house sparrow perched on an eavestrough
Image by Rajesh Balouria from Pixabay

House Sparrows eat cicadas. The House Sparrow is a type of bird that does not typically eat insects, but it has been found to be an opportunistic feeder and will consume cicadas in the summer when they are plentiful. House sparrows also eat other things like seeds, nuts, berries, grains and some types of vegetation.​​​​​​​   

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Common Starling

a common starling spotted on a deck.
Photo by Anshu A on Unsplash

Starlings are birds that will eat a variety of foods. This includes both plant and animal matter, such as seeds, fruit, or insects. They also feed on other animals like small mammals and amphibians. But in late summer when cicadas emerge from the ground to breed and lay eggs in trees before dying off for winter, starlings will make their nests in trees containing these pests and feed on them during their lifetime (about two weeks).​​​​​​​

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Pine Warbler perched on a tree branch.
Image by Mickey Estes from Pixabay

The warblers will feed on the cicadas in massive numbers, which is a key part of their annual life cycle. In the summer months, it’s common to see warblers in your backyard feeding on small insects such as aphids and spiders. The truth is that they’re also feasting on bugs—in this case, hundreds of cicadas! Warbler populations typically peak when there are large numbers of these creatures available for them.​​​​​​​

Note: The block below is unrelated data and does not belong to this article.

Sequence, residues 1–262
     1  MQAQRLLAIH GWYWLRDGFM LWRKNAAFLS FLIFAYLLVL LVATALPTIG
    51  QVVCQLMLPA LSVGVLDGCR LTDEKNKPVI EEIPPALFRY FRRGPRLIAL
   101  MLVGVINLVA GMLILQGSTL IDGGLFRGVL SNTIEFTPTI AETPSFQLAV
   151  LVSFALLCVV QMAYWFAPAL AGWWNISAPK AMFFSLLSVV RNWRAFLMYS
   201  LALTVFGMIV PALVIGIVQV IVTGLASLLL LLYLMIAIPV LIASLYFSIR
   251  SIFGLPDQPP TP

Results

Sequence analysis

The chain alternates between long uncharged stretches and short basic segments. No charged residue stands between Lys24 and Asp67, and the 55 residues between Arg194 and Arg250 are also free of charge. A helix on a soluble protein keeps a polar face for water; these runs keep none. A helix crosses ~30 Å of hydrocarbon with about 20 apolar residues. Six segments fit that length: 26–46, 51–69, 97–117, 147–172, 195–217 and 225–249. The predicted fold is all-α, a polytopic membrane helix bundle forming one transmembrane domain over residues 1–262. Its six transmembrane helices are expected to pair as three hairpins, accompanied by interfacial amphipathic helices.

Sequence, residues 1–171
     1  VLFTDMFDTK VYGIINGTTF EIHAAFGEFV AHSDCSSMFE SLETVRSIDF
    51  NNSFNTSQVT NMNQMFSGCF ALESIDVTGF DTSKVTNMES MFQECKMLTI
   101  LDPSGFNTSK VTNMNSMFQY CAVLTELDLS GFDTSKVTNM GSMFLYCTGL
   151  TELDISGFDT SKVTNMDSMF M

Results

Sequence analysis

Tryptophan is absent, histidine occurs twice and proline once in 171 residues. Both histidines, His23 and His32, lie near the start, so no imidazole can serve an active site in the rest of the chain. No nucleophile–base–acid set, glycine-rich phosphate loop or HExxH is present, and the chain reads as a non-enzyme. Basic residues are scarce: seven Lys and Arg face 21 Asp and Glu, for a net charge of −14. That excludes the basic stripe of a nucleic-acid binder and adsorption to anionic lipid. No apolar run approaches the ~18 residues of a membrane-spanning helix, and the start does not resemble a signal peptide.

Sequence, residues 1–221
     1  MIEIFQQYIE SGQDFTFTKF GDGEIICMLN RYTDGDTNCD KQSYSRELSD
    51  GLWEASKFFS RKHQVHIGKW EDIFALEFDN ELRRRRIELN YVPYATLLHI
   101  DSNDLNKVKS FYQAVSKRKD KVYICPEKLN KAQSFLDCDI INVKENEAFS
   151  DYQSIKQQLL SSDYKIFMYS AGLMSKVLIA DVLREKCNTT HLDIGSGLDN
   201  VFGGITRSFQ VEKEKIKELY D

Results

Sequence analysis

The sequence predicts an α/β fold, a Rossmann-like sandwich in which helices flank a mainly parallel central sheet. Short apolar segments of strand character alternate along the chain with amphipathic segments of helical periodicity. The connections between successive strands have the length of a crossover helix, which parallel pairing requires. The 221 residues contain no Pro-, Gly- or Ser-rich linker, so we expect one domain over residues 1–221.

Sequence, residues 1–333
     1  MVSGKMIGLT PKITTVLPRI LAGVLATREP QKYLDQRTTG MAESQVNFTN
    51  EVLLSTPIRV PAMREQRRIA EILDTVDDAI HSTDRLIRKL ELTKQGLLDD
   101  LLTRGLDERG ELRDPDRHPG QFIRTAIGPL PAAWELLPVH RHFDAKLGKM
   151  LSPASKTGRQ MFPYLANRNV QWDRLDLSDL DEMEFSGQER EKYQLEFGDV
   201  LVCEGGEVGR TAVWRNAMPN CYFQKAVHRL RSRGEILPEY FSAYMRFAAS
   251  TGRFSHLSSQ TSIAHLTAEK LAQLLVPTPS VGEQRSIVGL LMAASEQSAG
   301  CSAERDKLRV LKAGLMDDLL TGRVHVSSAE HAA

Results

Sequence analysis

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Brown-headed Cowbird​​​​​​

In the summer, brown-headed cowbirds live on cicadas. When it is hot outside, cicadas are an easy meal for the birds. In fact, they eat so many that their population grows significantly each year when a new brood of cicadas comes out of the ground in May and June.​​​​​​​ Cicadas are also one of the main food sources for Brown-headed Cowbirds during their annual breeding season, which lasts from June to September.​​​​​​​

Tufted Titmouse